Thursday, December 22, 2011

On Not Bothering to Do Any Research

I don't have any major beef with the first four paragraphs of this Telegraph article. However, the last paragraph really annoys me, because it demonstrates and entire disregard for doing any sort of research:

"I've moaned about this before, but it is completely baffling to me why evolutionary biology, and not cosmology or plate tectonics or radio-carbon dating, has become the whipping boy for science-denying creationists. Those other three are just as solid in their refutation of a literal reading of religious works. Maybe it's a visceral dislike of the idea of sharing a common ancestor with apes. But whatever it is, the education of millions of children, in Turkey, in Britain and around the world, is being harmed by people – parents, teachers, government officials – with a simple-minded interpretation of their religion. Evolution is a fact, like gravity (and a theory, like gravity). Some parts of some holy books might seem to disagree, but then a part of the Bible seems to imply that π=3. It's a real shame to see the Turkish government, and British students, go down the route of believing a book of metaphors over the evidence of the world."

Okay, it took me a grand total of 2:46 to address five of the issues in his rant. Apparently that was too much work.


Blogger Noumenon said...

He's just hating on creationists with a rhetorical question; it should be pretty clear that the reason people focus on biology instead of cosmology, tectonics, and rock dating is that few people actually learn anything about astronomy, geography, or paleontology in school. Biology can't be ignored.

You can't exactly type "does cosmology refute creationism" into Google and get back that article about distant starlight. The π = 3 claim is the only one he's responsible for researching, and all he claims is that it "seems to imply" that π = 3 -- which is true. Even if the author absolutely knew pi and rounded as AiG says, what he wrote still came out sloppy mathematically speaking.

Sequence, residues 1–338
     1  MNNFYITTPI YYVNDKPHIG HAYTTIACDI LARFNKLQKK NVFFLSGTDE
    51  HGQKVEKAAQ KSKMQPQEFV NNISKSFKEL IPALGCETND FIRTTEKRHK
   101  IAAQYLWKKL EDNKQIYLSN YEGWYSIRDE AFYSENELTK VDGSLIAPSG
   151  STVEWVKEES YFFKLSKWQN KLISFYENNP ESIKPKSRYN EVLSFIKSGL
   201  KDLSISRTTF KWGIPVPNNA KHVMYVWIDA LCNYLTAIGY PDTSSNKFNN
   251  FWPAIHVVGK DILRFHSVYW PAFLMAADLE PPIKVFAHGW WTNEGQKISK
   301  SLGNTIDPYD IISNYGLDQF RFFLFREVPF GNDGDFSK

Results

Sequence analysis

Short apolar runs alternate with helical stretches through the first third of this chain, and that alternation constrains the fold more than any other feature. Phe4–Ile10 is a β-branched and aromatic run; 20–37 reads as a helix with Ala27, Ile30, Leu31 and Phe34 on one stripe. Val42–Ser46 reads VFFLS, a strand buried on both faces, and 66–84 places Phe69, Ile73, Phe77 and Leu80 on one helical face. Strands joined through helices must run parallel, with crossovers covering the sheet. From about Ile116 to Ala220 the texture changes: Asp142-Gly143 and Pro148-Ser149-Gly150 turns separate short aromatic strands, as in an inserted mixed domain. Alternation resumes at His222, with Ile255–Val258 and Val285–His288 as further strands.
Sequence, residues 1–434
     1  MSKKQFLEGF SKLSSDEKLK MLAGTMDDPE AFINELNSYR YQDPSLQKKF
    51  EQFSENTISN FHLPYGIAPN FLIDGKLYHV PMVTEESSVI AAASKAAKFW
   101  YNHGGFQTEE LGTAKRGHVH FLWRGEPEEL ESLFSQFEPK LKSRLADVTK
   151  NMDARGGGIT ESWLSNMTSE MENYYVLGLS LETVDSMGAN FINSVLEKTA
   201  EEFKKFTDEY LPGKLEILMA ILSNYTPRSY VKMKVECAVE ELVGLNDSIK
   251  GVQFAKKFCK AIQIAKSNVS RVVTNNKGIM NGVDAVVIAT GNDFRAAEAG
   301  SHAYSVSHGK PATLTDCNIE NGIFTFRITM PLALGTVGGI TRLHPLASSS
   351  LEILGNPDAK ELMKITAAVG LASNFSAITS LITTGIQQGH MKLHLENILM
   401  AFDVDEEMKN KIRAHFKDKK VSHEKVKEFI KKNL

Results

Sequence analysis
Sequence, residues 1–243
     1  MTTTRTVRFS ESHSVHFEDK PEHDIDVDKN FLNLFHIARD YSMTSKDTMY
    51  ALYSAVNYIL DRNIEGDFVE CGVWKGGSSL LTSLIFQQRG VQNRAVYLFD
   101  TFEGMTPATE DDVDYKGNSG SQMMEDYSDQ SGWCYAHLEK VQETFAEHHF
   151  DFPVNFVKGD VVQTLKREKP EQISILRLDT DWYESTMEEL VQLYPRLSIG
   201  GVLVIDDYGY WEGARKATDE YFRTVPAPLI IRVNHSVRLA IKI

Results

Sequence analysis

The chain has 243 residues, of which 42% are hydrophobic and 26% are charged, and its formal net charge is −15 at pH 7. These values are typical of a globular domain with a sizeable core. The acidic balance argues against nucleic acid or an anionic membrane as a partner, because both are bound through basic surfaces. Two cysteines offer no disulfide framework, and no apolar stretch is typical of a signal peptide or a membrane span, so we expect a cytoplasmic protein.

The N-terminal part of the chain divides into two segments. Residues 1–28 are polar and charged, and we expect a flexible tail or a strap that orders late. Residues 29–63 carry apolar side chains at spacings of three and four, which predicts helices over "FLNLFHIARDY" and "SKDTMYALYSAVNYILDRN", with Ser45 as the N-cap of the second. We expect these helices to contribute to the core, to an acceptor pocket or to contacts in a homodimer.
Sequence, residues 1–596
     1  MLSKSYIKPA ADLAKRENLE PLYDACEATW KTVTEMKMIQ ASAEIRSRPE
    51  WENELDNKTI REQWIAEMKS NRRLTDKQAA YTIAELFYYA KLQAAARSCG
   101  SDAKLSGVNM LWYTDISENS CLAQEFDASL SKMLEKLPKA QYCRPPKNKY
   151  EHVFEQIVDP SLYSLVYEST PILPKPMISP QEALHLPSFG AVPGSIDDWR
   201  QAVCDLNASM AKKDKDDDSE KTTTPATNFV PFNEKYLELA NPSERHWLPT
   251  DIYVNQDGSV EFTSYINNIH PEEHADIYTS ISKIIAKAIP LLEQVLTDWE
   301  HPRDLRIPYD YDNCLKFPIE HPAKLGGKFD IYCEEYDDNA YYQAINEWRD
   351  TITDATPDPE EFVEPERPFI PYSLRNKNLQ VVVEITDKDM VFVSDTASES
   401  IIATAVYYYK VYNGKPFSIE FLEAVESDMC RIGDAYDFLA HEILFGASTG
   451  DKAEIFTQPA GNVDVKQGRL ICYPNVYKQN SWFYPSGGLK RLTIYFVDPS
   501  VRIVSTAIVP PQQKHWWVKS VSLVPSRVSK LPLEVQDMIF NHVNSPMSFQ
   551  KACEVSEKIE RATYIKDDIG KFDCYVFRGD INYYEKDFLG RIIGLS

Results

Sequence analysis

11:44 PM  
Blogger Octavo Dia said...


That's a absolutely terrible defense:

Option A - He could have not known about the measurements, when decimals were invented, rounding, etc., and just included "seems to imply" to avoid doing research (which is unethical).

Option B - He knew the rebuttal full well, but wrote it anyway as a cheap shot and used "seems to imply" as weasel words (which is unethical).

10:04 AM  
Anonymous Roger Kovaciny said...

Without doing a full analysis, he's also using the word "evolution" to include both micro- and macro-evolution. Creationists only reject macro-evolution.

3:03 PM  
Blogger Octavo Dia said...

I don't like the terms "micro-evolution" and "macro-evolution." People assume that if there are little changes, they can add up to big changes. You need to emphasize that it is evolutionary history, not science, that's rejected.

But you're right. "Evolution" is a supremely slippery term.

3:21 PM  
Anonymous Roger Kovaciny said...

You're right. Micro-evolution is actually devolution. Although some instances of micro-evolution have been useful for humanity, say, the development of the golden delicious apple, they aren't particularly useful to the species--for another example, the loss of seeds in the common banana. And some examples that are thought of as micro-evolution, the development of supergerms, are nothing more than selective breeding, which isn't evolution at all.

2:15 AM  

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